How a Bad U.S. Law becomes a Bad International Law
If you've been paying attention for these last few weeks, you know by now that the Digital Millennium Copyright Act (DMCA) is a rotten piece of law with over-zealous, unconstitutional restrictions on researchers. Finding a flaw in some company's copy protection software, or discussing that flaw in public, could land you in jail. Not content to wreck the U.S. Constitution, Hollywood's lawyers are now trying to incorporate the DMCA's restrictions into international law by getting its provisions added to the Free Trade Area of the Americas (FTAA) treaty.
If you think this is a BAD IDEA, you need to speak up now. According to a recent EFF Alert, "The public must intervene to express disapproval of the FTAA's proposed anti-circumvention measures in order to correct this trend in copyright law. FTAA is currently accepting public feedback on the proposed treaty language until August 22."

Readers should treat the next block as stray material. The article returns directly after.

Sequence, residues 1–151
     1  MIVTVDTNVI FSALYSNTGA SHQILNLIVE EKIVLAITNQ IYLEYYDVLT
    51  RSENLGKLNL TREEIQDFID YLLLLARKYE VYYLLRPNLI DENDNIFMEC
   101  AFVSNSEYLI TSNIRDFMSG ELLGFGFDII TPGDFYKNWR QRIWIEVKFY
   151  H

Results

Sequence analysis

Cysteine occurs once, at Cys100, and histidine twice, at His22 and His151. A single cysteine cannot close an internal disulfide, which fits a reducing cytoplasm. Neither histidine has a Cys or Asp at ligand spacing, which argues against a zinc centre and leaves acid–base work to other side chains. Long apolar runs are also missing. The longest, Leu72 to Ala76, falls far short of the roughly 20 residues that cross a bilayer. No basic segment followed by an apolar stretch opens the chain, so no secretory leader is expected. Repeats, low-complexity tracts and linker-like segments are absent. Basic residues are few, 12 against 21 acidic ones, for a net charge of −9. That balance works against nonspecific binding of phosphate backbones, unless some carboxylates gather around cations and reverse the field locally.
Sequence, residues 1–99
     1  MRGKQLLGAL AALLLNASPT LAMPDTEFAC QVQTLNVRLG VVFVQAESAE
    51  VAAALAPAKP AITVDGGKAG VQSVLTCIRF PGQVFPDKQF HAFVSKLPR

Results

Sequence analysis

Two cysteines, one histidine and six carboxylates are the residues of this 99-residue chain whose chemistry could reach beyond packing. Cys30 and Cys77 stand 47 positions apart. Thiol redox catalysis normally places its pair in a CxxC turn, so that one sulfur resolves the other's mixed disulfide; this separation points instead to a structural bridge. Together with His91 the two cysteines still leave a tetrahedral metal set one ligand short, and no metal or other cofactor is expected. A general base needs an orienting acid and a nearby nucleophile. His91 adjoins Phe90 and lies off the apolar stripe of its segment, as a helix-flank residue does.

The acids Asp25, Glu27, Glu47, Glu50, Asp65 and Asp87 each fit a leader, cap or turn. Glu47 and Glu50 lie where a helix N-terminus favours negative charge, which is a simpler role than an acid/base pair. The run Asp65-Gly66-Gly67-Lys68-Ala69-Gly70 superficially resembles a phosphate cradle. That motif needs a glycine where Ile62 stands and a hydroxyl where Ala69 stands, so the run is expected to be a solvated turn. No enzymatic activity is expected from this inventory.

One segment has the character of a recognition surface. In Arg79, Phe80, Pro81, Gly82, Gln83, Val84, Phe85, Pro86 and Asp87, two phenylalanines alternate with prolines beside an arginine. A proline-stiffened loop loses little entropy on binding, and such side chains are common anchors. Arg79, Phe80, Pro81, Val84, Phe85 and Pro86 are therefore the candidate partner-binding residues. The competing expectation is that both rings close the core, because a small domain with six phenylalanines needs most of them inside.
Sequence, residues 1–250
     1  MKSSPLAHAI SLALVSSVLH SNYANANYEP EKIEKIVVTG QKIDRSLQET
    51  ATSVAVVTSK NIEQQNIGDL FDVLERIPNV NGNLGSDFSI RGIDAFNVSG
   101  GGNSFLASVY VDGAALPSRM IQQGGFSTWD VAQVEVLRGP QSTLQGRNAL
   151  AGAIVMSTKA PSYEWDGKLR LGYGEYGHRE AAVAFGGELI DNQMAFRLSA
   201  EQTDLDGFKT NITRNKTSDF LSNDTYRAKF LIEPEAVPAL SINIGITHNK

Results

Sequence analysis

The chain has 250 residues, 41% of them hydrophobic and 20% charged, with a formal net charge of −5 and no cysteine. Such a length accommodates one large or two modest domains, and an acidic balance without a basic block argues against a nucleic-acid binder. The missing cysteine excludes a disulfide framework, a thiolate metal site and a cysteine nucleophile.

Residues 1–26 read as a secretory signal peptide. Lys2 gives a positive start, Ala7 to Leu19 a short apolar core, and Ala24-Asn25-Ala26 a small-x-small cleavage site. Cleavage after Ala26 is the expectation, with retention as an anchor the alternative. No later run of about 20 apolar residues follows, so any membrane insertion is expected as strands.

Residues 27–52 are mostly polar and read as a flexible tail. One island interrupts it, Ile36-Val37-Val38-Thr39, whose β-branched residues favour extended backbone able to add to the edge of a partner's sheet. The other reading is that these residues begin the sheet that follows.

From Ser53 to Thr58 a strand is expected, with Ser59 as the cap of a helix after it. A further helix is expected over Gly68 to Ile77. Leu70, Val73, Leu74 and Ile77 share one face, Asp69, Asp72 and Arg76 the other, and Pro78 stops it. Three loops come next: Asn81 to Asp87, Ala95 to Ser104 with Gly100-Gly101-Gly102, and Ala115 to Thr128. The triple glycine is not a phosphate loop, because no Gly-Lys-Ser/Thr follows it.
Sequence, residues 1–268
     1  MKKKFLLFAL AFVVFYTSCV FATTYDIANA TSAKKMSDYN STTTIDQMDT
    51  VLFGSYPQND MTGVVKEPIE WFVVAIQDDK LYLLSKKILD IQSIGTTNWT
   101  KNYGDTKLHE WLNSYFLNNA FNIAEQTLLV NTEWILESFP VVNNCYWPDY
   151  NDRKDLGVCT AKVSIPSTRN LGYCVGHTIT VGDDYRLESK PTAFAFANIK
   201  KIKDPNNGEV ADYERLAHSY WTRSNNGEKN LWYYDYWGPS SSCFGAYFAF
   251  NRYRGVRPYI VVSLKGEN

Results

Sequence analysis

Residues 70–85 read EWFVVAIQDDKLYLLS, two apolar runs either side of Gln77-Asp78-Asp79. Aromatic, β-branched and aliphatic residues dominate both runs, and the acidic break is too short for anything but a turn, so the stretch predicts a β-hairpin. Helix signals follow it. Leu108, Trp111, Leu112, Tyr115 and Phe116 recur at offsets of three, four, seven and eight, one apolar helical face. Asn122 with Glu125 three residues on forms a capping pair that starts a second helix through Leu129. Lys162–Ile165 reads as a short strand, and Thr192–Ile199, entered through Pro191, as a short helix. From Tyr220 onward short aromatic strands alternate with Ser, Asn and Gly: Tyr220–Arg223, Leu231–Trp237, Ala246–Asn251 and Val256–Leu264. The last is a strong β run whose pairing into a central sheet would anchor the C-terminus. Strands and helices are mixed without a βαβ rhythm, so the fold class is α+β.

The EFF has an excellent page on what you can do and who you can write to. Check it out.
Letters really do have an impact on what public figures do and more importantly, how they vote. They have full-time staff members who read and tally letters, figuring out which direction the public is leaning. Congresspeople have a point system for ranking the public's input. Letters get the most points, then Telexes, then FAXes, followed by phone calls. E-mail is hardly considered at all. If you want to have an impact, write a letter.
But do it soon. August 22nd is approaching fast.
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